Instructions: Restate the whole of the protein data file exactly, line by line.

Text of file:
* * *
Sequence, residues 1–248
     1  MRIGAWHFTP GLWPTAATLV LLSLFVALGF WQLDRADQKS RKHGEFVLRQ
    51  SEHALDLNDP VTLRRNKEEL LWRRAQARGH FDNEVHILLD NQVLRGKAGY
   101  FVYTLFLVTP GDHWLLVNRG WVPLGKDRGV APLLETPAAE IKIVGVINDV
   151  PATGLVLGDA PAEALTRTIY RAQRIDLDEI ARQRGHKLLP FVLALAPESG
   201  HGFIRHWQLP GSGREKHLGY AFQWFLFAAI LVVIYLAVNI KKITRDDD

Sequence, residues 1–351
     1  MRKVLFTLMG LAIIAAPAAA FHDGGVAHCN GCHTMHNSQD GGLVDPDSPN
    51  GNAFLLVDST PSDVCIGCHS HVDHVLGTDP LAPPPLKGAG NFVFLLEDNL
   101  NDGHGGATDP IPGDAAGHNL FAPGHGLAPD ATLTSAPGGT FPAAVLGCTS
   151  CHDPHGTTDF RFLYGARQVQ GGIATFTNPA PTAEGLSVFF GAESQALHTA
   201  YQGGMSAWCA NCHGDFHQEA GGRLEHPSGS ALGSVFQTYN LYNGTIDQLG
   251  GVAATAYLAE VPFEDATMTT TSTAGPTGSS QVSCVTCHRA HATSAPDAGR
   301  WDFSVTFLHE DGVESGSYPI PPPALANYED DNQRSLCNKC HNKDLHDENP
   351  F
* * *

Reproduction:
Sequence, residues 1–248
     1  MRIGAWHFTP GLWPTAATLV LLSLFVALGF WQLDRADQKS RKHGEFVLRQ
    51  SEHALDLNDP VTLRRNKEEL LWRRAQARGH FDNEVHILLD NQVLRGKAGY
   101  FVYTLFLVTP GDHWLLVNRG WVPLGKDRGV APLLETPAAE IKIVGVINDV
   151  PATGLVLGDA PAEALTRTIY RAQRIDLDEI ARQRGHKLLP FVLALAPESG
   201  HGFIRHWQLP GSGREKHLGY AFQWFLFAAI LVVIYLAVNI KKITRDDD

Sequence, residues 1–351
     1  MRKVLFTLMG LAIIAAPAAA FHDGGVAHCN GCHTMHNSQD GGLVDPDSPN
    51  GNAFLLVDST PSDVCIGCHS HVDHVLGTDP LAPPPLKGAG NFVFLLEDNL
   101  NDGHGGATDP IPGDAAGHNL FAPGHGLAPD ATLTSAPGGT FPAAVLGCTS
   151  CHDPHGTTDF RFLYGARQVQ GGIATFTNPA PTAEGLSVFF GAESQALHTA
   201  YQGGMSAWCA NCHGDFHQEA GGRLEHPSGS ALGSVFQTYN LYNGTIDQLG
   251  GVAATAYLAE VPFEDATMTT TSTAGPTGSS QVSCVTCHRA HATSAPDAGR
   301  WDFSVTFLHE DGVESGSYPI PPPALANYED DNQRSLCNKC HNKDLHDENP
   351  F